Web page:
In a country where the underground untaxed economy is enormous, there's a popular saying among wealthy Mexicans: "If you're paying taxes, you have the wrong accountant."

It's unsurprising then that Mexico raises less revenue through taxation than nearly any other Latin American country, just 12 percent of GDP, which is one reason why the nation's enormous wealth is not better utilized. By comparison, the United States takes in 25-28 percent of its GDP in taxes. Even Brazil taxes itself at twice the Mexican rate.

Finally, let's consider the daily crisis of Mexico that's before our eyes. Millions are fleeing Latin America's wealthiest nation to work in America, where they are despised and exploited. Twenty-five million Mexicans are already here, and 46 percent of those still living in Mexico would leave if they could, according to a 2005 Pew poll.

Not only is Mexico a failing state, it's also a failing society. The country should be a paradise. It has valuable resources, great natural beauty, an ideal location and hard-working people. Its elite do very well indeed.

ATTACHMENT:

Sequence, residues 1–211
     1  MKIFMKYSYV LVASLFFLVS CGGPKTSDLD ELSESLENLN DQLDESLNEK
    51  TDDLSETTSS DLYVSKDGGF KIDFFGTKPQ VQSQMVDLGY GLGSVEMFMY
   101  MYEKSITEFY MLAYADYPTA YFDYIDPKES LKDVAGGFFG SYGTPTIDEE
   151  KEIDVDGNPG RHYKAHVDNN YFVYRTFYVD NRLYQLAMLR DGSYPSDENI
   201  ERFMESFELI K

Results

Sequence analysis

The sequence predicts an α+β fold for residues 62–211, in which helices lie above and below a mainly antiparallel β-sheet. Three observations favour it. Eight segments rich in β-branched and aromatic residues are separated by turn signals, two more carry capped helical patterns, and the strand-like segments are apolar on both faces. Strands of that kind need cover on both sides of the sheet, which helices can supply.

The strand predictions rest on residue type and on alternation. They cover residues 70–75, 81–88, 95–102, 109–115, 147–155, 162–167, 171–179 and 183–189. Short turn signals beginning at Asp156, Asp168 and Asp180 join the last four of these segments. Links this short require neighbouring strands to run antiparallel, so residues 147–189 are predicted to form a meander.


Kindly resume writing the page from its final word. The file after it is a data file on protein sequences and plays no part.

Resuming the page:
What it doesn't have is an aversion to corruption. While many Americans live their entire lives without paying a single bribe, mordida [bribery] is endemic in Mexico. Such attitudes lead to dishonest police and politicians. Add a permissive attitude about crime, where smugglers are romanticized  in song, and you have a perfect atmosphere for narcotopia.

How much worse can it get? The issue of law and order in Mexico in the near term hinges on how serious Calderon is about cracking down on the cartels—and whether he can bring meaningful force to bear given the corruption of the army and police. Somalia and Colombia really are the possible models over the long term since cartels are not unlike warlord organizations.

The cartels have virtually unlimited money, and Mexico City is taxing soda pop to raise funds. Increased instability from organized crime will only encourage millions more to abandon the sinking ship and go north, since we know few Mexicans care to stand and fight for their country.

Bottom line: Mexico has an immense problem. Which means the U.S. does, too.

Brenda Walker [email her] her lives in northern California and writes frequently on her websites LimitsToGrowth.org and ImmigrationsHumanCost.org that multiculturalism is a failed ideology, particularly so for women.